Glossary

D

Damages

Harm suffered by someone. The harm could be to his physical or psychological health or to his property or income.

De minimis rule

When donors get something in return for a donation, the value of what they get must usually be subtracted from the amount of the donation when a tax receipt is issued. However, when the value of what donors get is less than 10% of the value of the donation and not more than $75, it does not have to be subtracted.

Debtor

A person who owes something to someone else. For example let’s say that Paul borrows $5.00 from Peter. Paul is a debtor of Peter for $5.00.

Deduction

An amount that can be subtracted from the income on which income tax is calculated. When an incorporated business donates to a registered charity, it can use the amount of its donation as a deduction.

Deemed fair market value

When a registered charity issues a tax receipt for a gift of a thing instead of money, it must put a dollar value on the thing. The dollar value must be calculated on the basis of the (FMV). The FMV is highest price the thing would be worth if it were sold by a knowledgeable seller to a knowledgeable buyer in the marketplace and the seller and buyer were arm's length from one another (not connected by family or business ties).

But in some cases, the law requires charities to put a price on a thing that is the deemed FMV. The deemed FMV is the lower of either the FMV or what the thing cost the donor. To find out when the deemed FMV must be used, consult the explanation on the website of the Canada Revenue Agency.

Defendant

The person against whom a court case is brought.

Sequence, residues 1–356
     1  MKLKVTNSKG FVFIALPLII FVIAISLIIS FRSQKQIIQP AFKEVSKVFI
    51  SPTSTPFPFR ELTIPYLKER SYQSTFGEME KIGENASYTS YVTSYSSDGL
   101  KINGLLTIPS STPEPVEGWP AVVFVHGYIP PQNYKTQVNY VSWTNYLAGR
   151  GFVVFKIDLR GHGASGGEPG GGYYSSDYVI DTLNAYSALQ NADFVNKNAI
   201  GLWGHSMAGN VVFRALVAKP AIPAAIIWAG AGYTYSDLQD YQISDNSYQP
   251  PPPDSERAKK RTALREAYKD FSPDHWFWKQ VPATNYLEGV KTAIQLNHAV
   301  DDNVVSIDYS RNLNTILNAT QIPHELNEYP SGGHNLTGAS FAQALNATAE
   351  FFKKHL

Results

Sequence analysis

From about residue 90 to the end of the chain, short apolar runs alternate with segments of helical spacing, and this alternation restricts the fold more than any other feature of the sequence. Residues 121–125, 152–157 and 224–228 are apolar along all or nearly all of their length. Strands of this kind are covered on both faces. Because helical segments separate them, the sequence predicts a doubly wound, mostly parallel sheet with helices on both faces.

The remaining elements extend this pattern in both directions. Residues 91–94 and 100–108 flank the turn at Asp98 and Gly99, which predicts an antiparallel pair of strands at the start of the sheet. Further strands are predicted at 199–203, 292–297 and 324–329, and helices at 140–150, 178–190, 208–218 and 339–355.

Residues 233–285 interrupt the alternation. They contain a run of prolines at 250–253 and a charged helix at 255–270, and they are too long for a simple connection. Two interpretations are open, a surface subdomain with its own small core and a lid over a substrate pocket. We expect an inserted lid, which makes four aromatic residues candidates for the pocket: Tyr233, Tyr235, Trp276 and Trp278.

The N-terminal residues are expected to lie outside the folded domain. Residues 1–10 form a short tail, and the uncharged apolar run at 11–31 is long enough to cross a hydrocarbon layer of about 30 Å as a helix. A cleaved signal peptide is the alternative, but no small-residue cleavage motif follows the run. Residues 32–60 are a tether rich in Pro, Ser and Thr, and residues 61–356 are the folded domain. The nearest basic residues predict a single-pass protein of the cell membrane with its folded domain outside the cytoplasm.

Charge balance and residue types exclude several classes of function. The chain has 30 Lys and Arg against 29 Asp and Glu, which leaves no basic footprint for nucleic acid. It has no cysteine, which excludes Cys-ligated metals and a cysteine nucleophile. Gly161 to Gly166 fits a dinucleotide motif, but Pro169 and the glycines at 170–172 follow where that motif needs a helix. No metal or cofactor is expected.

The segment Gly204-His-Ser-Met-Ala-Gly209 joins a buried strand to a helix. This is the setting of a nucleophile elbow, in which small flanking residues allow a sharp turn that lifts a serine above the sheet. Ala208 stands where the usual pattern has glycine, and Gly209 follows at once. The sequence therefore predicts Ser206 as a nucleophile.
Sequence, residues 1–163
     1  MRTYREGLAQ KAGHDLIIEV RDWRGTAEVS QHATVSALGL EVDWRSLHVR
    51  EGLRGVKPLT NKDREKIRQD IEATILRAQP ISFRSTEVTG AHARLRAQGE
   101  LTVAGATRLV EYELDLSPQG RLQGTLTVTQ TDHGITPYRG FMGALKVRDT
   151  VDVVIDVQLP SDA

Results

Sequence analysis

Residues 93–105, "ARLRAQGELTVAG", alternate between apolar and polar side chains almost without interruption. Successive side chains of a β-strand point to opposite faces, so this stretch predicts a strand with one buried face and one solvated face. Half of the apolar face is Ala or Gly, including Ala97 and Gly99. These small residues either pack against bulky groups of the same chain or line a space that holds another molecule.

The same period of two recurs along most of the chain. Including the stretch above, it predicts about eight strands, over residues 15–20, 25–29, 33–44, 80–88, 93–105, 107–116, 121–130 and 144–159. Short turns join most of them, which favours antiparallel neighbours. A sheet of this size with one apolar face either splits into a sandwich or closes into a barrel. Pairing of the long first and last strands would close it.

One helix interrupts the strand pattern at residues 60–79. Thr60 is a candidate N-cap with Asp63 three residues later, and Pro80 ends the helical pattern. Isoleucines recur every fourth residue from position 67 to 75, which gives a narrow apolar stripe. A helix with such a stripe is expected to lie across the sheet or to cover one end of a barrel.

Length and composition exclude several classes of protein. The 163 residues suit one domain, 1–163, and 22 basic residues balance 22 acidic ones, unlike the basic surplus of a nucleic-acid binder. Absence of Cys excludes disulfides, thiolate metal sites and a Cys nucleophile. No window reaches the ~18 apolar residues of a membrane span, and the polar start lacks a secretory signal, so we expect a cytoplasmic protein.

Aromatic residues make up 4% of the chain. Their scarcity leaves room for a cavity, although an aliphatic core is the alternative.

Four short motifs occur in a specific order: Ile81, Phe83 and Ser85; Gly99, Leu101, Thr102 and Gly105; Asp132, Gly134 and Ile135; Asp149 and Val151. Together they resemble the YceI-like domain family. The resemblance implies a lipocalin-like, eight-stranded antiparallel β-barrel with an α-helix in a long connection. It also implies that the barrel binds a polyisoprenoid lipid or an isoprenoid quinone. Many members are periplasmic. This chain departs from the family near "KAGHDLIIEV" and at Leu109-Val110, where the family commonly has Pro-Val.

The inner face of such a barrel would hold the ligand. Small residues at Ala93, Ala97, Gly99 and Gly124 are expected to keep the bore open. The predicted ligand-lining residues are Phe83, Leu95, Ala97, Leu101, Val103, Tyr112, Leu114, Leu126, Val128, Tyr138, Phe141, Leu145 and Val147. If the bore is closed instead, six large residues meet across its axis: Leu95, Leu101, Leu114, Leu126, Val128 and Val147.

Designated gift

A gift (donation) to a registered charity by a donor who wants the gift to be used for a specific person or family. Registered charities are not allowed to give official tax receipts for these kinds of gifts. However, in some cases, a donor can give general directions that the gift be used for a particular program and still get a tax receipt. Designated gifts are sometimes called directed gifts.

Designation

When the Canada Revenue Agency registers a charity, it is assigned to one of 3 categories or “designations”: charitable organization, public foundation or private foundation.

The choice of category depends on whether the charity focuses on carrying out its own activities or giving money to other organizations, the structure of its board of directors and its sources of funding.

Detention in custody

When a person accused of breaking the law is put into jail until the end of her trial. For example, people accused of serious crimes are detained in custody when they are judged to be very dangerous or there is chance that they will not show up for their trials.

Directed gift

See Designated Gift.

 

Directors

People elected or appointed to a board of directors. The board is the group of directors who oversee the affairs of an organization or of a business corporation.

Disbursement quota

A minimum amount a registered charity must spend each year on its own charitable activities or on gifts to qualified donees.

Since the definition of this term is complex, we invite you to read the explanation in our Infosheet Rules Registered Charities Must Follow.

Discharge

When someone has been found guilty of a crime or has admitted guilt, the court can decide that the person will be "discharged". This means the person will be found guilty, but will not get a sentence. The discharge can be either absolute (no conditions) or conditional (with conditions).

District

Each courthouse in Quebec has authority over a geographic area called a judicial district. Quebec is divided into 36 judicial districts.

Donor

A person or organization making a donation of money or a thing.

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